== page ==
Boersma Travel Services

B-297986.2: Nov 17, 2006

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Boersma Travel Services (BTS) protests the award of a contract to Duluth Travel, Inc. under request for proposals (RFP) No. VA-200-06-RP-0001, issued by the Department of Veteran's Affairs (VA) for commercial travel services. BTS challenges the evaluation.

We deny the protest.

B-297986.2, Boersma Travel Services, November 17, 2006


Matter of: Boersma Travel Services

File: B-297986.2

Date: November 17, 2006

James E. Kimble for the protester.

Christopher S. Tiroff, Esq., Department of Veterans Affairs, for the agency.

Paul E. Jordan, Esq., and John M. Melody, Esq., Office of the General Counsel, GAO, participated in the preparation of the decision.


Protest challenging evaluation of protester's proposal is denied where record shows that evaluation, and resulting conclusion that awardee's proposal represented –best value,— were reasonable; although agency erroneously downgraded protester's proposal in two areas, these errors were not prejudicial, since record shows they were not sufficiently significant to affect award decision.


Boersma Travel Services (BTS) protests the award of a contract to Duluth Travel, Inc. under request for proposals (RFP) No. VA-200-06-RP-0001, issued by the Department of Veterans Affairs (VA) for commercial travel services. BTS challenges the evaluation.

We deny the protest.

The RFP, issued as a service-disabled-veteran-owned small business (SDVOSB) set'aside, contemplated the award of a fixed-price, indefinite-delivery, indefinite'quantity contract for a 6-month base period with 3 option years. This travel management center (TMC) contract, which will provide nationwide travel services for VA employees and veterans, was intended to consolidate VA's current TMC requirements, which were being met under the General Services Administration's (GSA) eTravel (eTS) initiative and other contracts. The RFP identified three alternative scenarios for contract performance, with the chosen alternative to be identified at the time of contract award. Alternative A involved TMC services without use of the current eTS. Alternative B involved the TMC doing all VA fulfillment and partial booking, with VA utilizing the current eTS for booking. Alternative C involved use of the selected firm's electronic booking system until eTS was fully implemented. Each scenario included its own estimated volumes.[1]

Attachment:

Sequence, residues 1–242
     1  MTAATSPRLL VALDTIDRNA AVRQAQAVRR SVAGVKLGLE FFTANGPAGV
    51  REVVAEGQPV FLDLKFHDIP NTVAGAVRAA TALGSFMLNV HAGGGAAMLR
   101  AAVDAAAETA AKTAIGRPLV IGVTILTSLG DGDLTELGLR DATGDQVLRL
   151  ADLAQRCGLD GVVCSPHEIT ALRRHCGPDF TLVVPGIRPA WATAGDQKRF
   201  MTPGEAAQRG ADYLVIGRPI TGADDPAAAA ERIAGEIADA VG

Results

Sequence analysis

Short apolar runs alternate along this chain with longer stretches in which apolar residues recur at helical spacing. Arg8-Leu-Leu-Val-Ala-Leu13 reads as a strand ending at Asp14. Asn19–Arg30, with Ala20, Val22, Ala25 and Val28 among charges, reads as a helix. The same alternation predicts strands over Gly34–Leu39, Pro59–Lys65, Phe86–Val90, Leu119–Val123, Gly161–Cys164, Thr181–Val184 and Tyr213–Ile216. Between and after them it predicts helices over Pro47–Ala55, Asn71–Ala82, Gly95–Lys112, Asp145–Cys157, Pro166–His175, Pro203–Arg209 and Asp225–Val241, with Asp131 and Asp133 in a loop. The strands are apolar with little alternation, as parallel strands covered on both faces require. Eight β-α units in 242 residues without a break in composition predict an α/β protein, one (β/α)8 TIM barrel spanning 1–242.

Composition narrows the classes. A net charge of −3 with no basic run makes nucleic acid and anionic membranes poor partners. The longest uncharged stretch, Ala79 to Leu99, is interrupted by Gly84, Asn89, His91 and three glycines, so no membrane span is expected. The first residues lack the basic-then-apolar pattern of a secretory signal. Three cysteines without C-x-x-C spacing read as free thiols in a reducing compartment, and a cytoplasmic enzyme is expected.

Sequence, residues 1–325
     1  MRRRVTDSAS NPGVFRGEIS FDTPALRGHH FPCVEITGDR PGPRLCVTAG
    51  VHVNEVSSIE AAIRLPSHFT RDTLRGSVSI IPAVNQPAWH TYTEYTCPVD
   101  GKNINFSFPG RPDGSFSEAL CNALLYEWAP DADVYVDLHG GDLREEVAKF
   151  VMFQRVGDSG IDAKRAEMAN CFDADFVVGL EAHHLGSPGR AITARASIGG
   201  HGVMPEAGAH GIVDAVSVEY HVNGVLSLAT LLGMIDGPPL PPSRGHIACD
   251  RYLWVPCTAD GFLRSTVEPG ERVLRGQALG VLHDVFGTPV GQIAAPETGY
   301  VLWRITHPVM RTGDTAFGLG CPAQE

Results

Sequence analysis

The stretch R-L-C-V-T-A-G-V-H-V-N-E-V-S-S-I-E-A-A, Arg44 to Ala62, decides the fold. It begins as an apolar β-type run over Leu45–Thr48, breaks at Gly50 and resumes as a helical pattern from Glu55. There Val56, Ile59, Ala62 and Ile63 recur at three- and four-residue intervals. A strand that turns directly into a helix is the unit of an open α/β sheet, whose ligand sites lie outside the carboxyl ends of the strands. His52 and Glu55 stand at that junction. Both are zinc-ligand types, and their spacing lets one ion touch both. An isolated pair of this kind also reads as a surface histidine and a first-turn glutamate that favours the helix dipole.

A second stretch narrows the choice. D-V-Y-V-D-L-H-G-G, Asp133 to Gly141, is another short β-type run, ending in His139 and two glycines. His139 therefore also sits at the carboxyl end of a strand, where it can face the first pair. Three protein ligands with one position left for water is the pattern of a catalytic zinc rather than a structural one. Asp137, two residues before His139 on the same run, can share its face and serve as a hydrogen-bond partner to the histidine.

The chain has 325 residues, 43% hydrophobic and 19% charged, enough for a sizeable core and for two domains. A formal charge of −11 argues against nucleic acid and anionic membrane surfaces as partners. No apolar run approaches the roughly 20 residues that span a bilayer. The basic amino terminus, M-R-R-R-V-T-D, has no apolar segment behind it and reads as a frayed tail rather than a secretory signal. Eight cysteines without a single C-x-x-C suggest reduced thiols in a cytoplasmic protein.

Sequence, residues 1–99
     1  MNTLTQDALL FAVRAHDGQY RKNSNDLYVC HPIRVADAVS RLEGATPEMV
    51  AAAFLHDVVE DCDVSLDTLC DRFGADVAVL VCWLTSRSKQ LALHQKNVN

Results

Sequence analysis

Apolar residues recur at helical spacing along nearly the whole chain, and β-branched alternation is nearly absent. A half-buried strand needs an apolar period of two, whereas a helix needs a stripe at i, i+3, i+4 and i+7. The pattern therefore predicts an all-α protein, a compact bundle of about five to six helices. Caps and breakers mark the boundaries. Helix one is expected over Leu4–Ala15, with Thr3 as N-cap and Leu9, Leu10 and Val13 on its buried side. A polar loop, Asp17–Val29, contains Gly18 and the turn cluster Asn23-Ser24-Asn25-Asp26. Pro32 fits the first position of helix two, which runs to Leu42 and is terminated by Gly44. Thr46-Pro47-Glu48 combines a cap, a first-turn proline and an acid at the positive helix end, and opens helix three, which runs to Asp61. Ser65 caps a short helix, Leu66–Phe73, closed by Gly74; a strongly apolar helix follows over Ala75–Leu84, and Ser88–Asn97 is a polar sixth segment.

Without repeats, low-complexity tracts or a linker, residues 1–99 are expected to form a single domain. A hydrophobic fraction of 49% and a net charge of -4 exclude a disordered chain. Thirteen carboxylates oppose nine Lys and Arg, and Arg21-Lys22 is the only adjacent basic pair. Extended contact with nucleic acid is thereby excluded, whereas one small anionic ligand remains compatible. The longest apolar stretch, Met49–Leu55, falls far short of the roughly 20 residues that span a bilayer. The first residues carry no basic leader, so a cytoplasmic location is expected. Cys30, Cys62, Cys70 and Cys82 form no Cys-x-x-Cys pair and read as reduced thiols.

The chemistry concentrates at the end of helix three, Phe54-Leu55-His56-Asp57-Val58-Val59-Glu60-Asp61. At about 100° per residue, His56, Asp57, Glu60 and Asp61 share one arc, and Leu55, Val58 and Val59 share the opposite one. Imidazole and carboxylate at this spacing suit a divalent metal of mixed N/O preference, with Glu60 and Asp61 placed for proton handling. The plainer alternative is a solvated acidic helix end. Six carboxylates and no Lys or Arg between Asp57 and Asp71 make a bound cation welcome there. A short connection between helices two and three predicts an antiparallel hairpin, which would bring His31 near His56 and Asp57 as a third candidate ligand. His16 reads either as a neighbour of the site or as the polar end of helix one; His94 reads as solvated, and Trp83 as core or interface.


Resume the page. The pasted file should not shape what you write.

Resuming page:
Proposals were to be evaluated on the basis of four factors, listed in descending order of importance--technical/management, price, past performance, and use of SDVOSBs. The technical/management factor included four equally weighted subfactors--technical approach, ability to provide alternative A, ability to provide alternative B, and interface with the eTS vendor. Price was to be evaluated for completeness, realism, and reasonableness based on the totals for each individual alternative and the total for all alternatives. Past performance was to be evaluated as a measure of the government's confidence in an offeror's ability to successfully perform the contract, and the SDVOSB factor was evaluated on the basis of the amount of work to be performed by SDVOSBs. The non'price factors were significantly more important than price. Award was to be made on a –best value— basis.

Three offerors, including BTS and Duluth, submitted proposals, which were evaluated by a technical evaluation team.[2] In addition, each offeror made an on-site oral presentation. The period of performance was adjusted, and offerors were given the opportunity to provide revised pricing. The final consensus evaluation ratings for BTS and Duluth (the only proposals relevant here) were as follows:






Technical Approach



Alternative A



Alternative B






Past Performance



Use of SDVOSBs



Evaluated Price[3]



In making his award determination, the contracting officer concluded that the technical superiority of Duluth's proposal made it the best value despite its higher price. After receiving a debriefing, BTS filed this protest. BTS asserts that the agency unreasonably downgraded its proposal in several areas.

In reviewing a protest of an agency's proposal evaluation, our review is confined to determining whether the evaluation was reasonable and consistent with the terms of the solicitation and applicable statutes and regulations. United Def. LP, B'286925.3 et al., Apr. 9, 2001, 2001 CPD para. 75 at 10-11. The award here is supported by the record. [4]


Under the alternative A and B subfactors, the evaluators found a weakness in BTS's proposal to use multiple subcontractors to accomplish the work; the evaluators were concerned that BTS would use different subcontractors, each with its own toll-free telephone number, to service VA's various field offices on a regional basis. This was viewed as problematic because, in the past, having multiple TMCs handle different VA regions had resulted in significant administrative expense and customer dissatisfaction. Supplemental Agency Report at 6. VA concluded that this approach was a major weakness because it could result in confusion as to which entity to call, varying levels of service depending upon the ability of the different subcontractors to handle the workload, and difficulty in tracking down issues and troubleshooting problems.